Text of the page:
Motivation:

     Through our initial meeting with the residents of the Cerebral Palsy Research Foundation we gained a perspective of the desire for disabled individuals to be independent in their day to day lives.  Simple tasks like holding a camera steady, getting into and out of bed, and reaching items in upper cabinets were everyday struggles without help for most of the residents we met with.  

       Our decision to design an automated shelf was agreed upon due to a reoccurring desire of most of the wheelchair bound individuals we spoke with to be able to access the upper cabinets in their kitchen.  This idea also seemed to resonate with many others that suffered motor control issues in their arms.  It was an idea presented to previous classes so we felt it was an important idea to pursue.

First Semester Work:

     With three electrical engineering and one computer science majors, we felt pretty confident with the circuitry and microcontroller programming aspect of the project.  The mechanical requirements, though, were not well anticipated.  That being the case, most of our work at this stage revolved around determining how to build the shelving unit itself, what type of motor to use, and how to mount it.  

     It became clear pretty quickly that with our limited knowledge, building the actual shelf would be too error prone and require too much time.  The alternative we decided upon was to purchase a premanufactured shelf with the capability to be manually lowered from and raised into the cabinet.  None of the team were aware of these type of shelves and, after finding them commercially available, wondered if this solution would work and automating it would be overkill and cost prohibitive.  After a second meeting with some of the CPRF residents, we learned that for most this shelf would offer no or little benefit as they cannot even reach the base of the cabinet to retrieve items, so we pressed on.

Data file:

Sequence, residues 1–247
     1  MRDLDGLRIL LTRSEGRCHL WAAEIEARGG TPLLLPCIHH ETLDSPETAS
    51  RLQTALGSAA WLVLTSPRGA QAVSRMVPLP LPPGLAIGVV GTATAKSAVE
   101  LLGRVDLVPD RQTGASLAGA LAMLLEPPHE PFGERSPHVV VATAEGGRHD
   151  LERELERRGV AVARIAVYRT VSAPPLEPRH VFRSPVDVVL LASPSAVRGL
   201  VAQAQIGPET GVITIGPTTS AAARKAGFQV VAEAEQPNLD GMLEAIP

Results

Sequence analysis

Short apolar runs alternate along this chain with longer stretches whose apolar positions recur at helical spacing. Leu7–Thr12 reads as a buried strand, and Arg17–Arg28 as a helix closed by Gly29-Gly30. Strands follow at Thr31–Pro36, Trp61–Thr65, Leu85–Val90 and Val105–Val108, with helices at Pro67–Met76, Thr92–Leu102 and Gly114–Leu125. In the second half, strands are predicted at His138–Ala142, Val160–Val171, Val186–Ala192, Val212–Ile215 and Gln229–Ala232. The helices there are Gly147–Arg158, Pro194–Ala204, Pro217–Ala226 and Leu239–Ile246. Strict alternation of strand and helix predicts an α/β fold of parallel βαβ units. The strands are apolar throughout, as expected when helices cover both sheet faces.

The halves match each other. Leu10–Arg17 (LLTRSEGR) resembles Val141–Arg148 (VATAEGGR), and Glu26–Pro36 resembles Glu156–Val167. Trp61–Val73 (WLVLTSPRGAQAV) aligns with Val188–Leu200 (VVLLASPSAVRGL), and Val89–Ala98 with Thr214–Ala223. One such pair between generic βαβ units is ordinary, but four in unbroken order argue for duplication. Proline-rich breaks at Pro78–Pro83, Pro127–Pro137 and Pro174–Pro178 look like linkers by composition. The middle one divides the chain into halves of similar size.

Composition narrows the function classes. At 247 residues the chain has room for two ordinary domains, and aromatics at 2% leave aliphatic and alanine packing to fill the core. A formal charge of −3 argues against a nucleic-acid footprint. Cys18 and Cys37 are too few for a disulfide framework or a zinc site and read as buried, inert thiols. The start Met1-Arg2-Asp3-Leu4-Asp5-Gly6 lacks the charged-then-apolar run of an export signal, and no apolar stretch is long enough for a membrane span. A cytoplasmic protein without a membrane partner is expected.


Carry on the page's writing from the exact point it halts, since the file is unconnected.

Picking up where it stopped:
A linear actuator was chosen to control the shelf’s movement due to it’s ease of use, strength, and the lack of requiring external gears and linkage.  Even with the simpler solution the actuator provided, mounting it to the shelf took most of our efforts in the first semester.  We felt retaining the shelf’s full range of motion was a must, but mounting the actuator so that it would not reach it’s maximum or minimum stroke before the shelf was in it’s down or up position proved problematic.  To provide the arcing motion the shelf required the actuator also needed to be a few degrees outside of perpendicular when up and outside of parallel when down or the actuator would simply pull straight in against the shelf providing no motion.  This process was largely trial and error and produced a number of misplaced bolt holes. 

     As the semester came to a close, we finally got a working design by installing a piece of sheet metal to the shelf arm to extend where the desired pivot point was located and a piece of an inch thick aluminum rod was used to reinforce the attaching bolt as the torque would cause it to bend over time.  While the gas piston and spring were removed from the actuator side, we decided to leave them in place on other side to provide added stability.  Pressed for time, the control unit was simply made from a dual rocker switch to swap the polarity of the 12VDC power supplied by an Arduino and motor shield to the actuator.

                                

Second Semester Work: